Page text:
"We already have the perspective of the good guys ... but to have one of the bad guys tell us his mindset and how he went about making sure he didn't get caught and how he knew what he knew is extremely helpful," she said.
When news reports about the discovery of Miss Bennett's body appeared, Laverne Pavlinac, 57, saw a way to get out of a 10-year abusive relationship with her boyfriend, John Sosnovske, 43. She told police that her boyfriend was the killer and she participated. Despite the fact neither had anything to do with the killing, Ms. Pavlinac was convicted and Mr. Sosnovske accepted a plea bargain.
Mr. Jesperson complained in anonymous messages on bathroom walls in Oregon and Montana and in letters to an Oregon County courthouse and to The Oregonian newspaper that police had the wrong people in jail. In the letter to The Oregonian, he drew a "Happy Face" at the top of the first page, giving birth to the infamous nickname.
He provided details about the crime that only the killer would know. Nevertheless, the couple ended up serving four years in prison until Mr. Jesperson was arrested in 1995 and showed authorities where he had scattered the contents of Miss Bennett's purse.
The stranger-than-fiction tale was the subject of a 1999 Showtime movie titled "Happy Face Murders," with Ann-Margret playing a character based on Ms. Pavlinac.
On Sept. 17, Miss Spencer, Miss Schantz, and Miss Sciulli composed their first correspondence to Inmate #11620304 at the Oregon State Penitentiary in Salem.
"We feel you could teach us a great deal about the legal system and forensic science from your standpoint," they wrote. "For example, what knowledge of forensic science did you have at the time of your crimes?"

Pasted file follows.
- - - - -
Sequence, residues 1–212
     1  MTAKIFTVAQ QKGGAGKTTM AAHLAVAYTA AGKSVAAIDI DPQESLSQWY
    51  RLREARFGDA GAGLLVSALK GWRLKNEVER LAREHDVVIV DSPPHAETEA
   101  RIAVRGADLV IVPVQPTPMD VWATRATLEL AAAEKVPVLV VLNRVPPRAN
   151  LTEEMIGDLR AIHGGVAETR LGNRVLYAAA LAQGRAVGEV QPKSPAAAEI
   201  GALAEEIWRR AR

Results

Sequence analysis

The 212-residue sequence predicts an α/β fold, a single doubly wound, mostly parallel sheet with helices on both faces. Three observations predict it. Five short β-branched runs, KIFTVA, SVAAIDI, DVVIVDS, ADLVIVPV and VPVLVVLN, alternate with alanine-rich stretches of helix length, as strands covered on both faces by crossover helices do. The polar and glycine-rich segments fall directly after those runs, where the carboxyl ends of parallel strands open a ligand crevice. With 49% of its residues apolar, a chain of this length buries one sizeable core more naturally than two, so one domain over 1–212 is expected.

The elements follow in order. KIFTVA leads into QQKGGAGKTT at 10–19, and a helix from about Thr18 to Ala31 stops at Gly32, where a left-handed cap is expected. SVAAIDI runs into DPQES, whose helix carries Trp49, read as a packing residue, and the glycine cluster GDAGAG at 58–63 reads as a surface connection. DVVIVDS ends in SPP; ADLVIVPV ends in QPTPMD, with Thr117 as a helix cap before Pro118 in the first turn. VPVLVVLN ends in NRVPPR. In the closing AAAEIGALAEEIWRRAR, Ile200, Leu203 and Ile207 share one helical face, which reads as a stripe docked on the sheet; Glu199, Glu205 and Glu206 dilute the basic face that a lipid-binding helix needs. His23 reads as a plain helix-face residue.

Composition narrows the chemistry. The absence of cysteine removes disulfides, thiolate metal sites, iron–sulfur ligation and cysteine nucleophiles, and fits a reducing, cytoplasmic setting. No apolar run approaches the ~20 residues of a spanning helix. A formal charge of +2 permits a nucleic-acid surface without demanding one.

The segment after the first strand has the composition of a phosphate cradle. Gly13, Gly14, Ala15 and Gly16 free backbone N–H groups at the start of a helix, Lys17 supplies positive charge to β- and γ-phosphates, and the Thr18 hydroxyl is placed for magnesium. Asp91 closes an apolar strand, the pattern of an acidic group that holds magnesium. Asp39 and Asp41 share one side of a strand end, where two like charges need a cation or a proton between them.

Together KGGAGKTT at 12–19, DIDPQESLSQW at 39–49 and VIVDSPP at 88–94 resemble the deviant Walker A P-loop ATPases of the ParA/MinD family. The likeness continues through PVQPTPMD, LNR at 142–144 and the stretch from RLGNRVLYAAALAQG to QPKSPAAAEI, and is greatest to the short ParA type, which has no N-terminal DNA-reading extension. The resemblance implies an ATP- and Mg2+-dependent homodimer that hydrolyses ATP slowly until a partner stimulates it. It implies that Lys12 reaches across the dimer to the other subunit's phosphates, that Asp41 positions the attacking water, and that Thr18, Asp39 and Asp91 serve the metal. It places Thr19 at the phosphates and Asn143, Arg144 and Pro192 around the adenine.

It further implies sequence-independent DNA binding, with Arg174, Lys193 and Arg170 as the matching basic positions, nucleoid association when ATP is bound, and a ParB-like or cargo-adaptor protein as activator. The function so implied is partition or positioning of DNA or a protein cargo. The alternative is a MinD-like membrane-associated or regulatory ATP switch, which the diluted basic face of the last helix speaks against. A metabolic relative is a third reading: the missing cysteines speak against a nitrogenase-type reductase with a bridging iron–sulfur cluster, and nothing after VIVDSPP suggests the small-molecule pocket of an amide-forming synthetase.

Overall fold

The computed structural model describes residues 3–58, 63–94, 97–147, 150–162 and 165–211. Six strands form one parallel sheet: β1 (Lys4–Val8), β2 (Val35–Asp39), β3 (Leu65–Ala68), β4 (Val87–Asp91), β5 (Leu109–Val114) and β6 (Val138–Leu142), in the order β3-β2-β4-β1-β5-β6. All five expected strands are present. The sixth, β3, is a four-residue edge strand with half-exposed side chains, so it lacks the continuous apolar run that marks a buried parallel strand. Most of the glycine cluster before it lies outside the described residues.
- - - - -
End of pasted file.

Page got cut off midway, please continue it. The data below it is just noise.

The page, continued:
Some of the students were skeptical that they would ever hear back from the serial killer.
About a week later, Miss Spencer and Miss Sciulli walked into their adviser's office on the third floor of Fisher Hall and learned they had mail: two letters from Mr. Jesperson addressed to "Duquesne University Forensic Science and Law Program -- Cara-Lyndsie-Natalie."
Miss Schantz hurried to the office. They phoned Mr. Freeman.
"Can we open them?" No, Mr. Freeman said, the contents should be revealed before the entire class.
The five days until the next class took forever. Finally, the three young women stood before their classmates, Mr. Freeman and Dr. Fochtman. The two envelopes were torn open, revealing nine handwritten pages.
"Dear Cara, Lyndsie and Natalie," the Happy Face Killer wrote. "So you are seniors -- forensic science majors. ... Do you want the real truth?"
Tomorrow: Corresponding with a killer
Michael A. Fuoco can be reached at email@example.com or 412-263-1968. First Published December 16, 2007 5:00 AM